Richard Meyer

  • Martha Rosler, Body Beautiful, or Beauty Knows No Pain: Hot House, or Harem, 1966–72, collage on paper, 20 x 48 1/2".

    The “WACK!” catalogue

    A TECHNICOLOR SEA of bare-breasted women spills across the cover for the catalogue to “WACK! Art and the Feminist Revolution,” an international survey of women’s art from 1965 to 1980 on view at the Museum of Contemporary Art in Los Angeles through July 16. Designed by Lorraine Wild, the dust jacket reproduces a large detail from a Vietnam-era photocollage by Martha Rosler titled Body Beautiful, or Beauty Knows No Pain: Hot House, or Harem, 1966–72. More than any single work in the exhibition, more perhaps than the exhibition itself, the WACK! cover has become a site of interpretive conflict

  • Glenn Ligon, Warm Broad Glow, 2005, neon and paint. Installation view, Contemporary Arts Museum Houston, 2006. Photo: Rick Gardner.

    LIGHT IT UP, OR HOW GLENN LIGON GOT OVER

    I'VE JUST ARRIVED in Toronto and am already running late. My taxi driver isn’t familiar with the Power Plant Contemporary Art Gallery, the art space I need to get to. But he does know Harbourfront Centre, the cultural complex of which the Power Plant is part. He drops me off beside an expanse of shops and high-rise condominiums and I run into the building that looks the most like a refashioned factory. I am here for the opening of the survey exhibit “Glenn Ligon: Some Changes”—but virtually no one else seems to be. The place is nearly deserted. I look over to the gallery assistant at the front

  • “Energy/Experimentation: Black Artists and Abstraction, 1964-1980”

    The fifteen artists included—Al Loving, Alma Thomas, and Howardena Pindell among them—pursued vibrantly modernist alternatives to the figuration of the contemporaneous Black Arts Movement.

    Organized by Yale art historian Kellie Jones, this group exhibition joins the politics of race to the practices of avant-garde painting, sculpture, and video in the mid-'60s and '70s. The fifteen artists included—Al Loving, Alma Thomas, and Howardena Pindell among them—pursued vibrantly modernist alternatives to the figuration of the contemporaneous Black Arts Movement. The show's catalogue explores the creative contexts—like Minimalist sculpture and free jazz—that shaped black abstraction and presents a transcription of the museum's cross-generational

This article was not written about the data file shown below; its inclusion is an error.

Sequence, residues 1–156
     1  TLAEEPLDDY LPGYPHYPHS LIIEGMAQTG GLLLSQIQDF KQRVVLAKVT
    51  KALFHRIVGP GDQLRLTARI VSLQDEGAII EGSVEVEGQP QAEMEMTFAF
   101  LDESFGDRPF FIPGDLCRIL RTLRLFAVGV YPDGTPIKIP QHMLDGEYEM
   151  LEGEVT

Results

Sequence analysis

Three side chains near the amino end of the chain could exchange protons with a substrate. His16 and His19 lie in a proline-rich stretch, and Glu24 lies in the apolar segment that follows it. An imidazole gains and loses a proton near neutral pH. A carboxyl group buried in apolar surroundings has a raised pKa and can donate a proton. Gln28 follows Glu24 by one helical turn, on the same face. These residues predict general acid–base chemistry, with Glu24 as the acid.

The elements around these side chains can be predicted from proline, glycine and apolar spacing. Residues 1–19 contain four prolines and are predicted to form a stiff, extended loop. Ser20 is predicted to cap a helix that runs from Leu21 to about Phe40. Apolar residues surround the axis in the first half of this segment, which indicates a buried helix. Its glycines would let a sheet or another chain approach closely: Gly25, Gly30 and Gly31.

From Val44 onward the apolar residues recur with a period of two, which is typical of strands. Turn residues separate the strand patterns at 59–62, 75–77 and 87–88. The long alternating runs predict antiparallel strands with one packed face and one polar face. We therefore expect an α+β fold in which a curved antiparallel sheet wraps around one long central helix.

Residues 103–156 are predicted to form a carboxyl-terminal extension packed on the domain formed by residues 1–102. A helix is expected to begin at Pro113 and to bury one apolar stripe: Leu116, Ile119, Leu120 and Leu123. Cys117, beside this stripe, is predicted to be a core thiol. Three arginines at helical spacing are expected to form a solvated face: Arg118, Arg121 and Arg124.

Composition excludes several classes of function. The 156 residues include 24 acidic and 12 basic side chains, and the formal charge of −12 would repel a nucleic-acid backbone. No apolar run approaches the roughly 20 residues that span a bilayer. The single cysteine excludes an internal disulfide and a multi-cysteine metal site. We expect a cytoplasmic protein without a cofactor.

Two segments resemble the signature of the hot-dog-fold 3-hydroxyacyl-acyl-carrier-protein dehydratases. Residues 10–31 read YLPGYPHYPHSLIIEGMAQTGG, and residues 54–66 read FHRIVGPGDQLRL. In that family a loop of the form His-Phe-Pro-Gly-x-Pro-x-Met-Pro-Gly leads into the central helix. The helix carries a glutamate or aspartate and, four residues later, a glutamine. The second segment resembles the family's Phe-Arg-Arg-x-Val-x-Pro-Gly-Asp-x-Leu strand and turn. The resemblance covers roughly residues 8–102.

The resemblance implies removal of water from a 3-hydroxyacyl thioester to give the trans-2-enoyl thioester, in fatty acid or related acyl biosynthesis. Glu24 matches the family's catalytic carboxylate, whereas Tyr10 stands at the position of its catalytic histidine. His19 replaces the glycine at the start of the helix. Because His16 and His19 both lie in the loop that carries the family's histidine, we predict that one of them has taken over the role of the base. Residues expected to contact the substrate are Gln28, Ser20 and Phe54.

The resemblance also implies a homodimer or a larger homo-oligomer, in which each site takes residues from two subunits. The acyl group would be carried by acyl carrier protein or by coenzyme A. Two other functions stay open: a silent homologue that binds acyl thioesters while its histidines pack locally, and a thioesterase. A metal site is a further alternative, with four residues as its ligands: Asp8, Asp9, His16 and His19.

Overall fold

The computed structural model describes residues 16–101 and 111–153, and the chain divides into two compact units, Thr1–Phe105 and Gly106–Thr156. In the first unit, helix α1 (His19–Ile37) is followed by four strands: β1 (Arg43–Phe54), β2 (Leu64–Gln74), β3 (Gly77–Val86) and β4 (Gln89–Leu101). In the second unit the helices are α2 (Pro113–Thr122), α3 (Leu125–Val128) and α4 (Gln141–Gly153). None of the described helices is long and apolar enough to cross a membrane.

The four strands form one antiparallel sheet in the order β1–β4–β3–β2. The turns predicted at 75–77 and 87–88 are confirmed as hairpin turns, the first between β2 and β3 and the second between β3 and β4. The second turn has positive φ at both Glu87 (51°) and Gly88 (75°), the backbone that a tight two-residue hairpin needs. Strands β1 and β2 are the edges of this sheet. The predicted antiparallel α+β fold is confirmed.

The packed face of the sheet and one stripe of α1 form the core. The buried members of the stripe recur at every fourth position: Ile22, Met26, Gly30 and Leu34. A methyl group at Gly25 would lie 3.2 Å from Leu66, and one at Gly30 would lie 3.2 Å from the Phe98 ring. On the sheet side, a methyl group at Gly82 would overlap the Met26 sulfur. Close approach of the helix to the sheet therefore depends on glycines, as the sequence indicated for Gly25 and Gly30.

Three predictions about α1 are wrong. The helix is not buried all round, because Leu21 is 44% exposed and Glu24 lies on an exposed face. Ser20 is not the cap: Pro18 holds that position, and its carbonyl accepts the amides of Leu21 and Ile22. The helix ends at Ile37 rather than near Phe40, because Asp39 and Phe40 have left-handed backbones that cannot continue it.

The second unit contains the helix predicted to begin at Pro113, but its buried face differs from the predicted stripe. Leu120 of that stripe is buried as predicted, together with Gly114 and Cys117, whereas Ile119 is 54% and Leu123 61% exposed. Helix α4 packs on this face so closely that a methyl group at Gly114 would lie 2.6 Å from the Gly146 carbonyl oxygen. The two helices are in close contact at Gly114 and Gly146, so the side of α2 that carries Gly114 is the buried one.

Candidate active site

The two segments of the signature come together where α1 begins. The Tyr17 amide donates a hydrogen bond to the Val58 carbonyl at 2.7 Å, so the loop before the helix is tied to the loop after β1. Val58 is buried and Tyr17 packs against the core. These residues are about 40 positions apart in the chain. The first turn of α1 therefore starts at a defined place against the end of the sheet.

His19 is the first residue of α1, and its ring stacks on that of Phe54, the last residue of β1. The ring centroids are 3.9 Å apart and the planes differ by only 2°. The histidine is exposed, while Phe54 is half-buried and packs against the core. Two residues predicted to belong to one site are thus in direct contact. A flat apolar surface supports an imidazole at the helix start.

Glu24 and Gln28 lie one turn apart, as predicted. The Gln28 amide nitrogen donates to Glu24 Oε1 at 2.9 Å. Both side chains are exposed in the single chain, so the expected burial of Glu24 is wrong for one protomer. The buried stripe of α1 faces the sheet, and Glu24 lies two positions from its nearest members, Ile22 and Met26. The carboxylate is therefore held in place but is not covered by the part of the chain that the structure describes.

• Art Since 1900

    “The first obligation of an art critic is to deliver value judgments.”

    —Clement Greenberg1

    FORGET EVERYTHING you know about the modern art survey––the capsule summaries of avant-garde movements, the potted versions of social-historical context, the glancing, “drive-by” descriptions of artists and works. Art Since 1900: Modernism, Anti-modernism, Postmodernism invests the art-history textbook with an unprecedented degree of critical intensity, intellectual ambition, and interpretive difficulty. Structured as a series of more than one hundred short but fully loaded essays, the book makes a powerful

  • Lynda Benglis

    “Vulgarity is gendered, of course.”1

    —T.J. Clark

    WHEN I TEACH AMERICAN ART of the 1970s, there is one work that always stops the class cold: Lynda Benglis’s ad from the November 1974 issue of Artforum. College students who respond matter-of-factly to other controversial works from the period––Vito Acconci masturbating beneath the floorboards of the Sonnabend gallery or Chris Burden’s having himself shot with a .22-caliber rifle––are visibly (and, on occasion, audibly) taken aback by the image of Benglis, naked and greased with oil, extending a dildo from her vagina. In contrast to the photographs

  • Robert Rauschenberg

    BEYOND THEIR FOCUS on the same artist, two new books on Robert Rauschenberg would seem to have almost nothing in common. Robert S. Mattison’s Robert Rauschenberg: Breaking Boundaries positions the artist’s life, intentions, and studio practice as the keys to understanding his work. Its highly accessible text and generous color illustrations suggest the book’s suitability for coffee-table display. Branden W. Joseph’s Random Order: Robert Rauschenberg and the Neo-Avant-Garde sets the artist’s early work within a dense context of Bergsonian philosophy, poststructuralist thought, and recent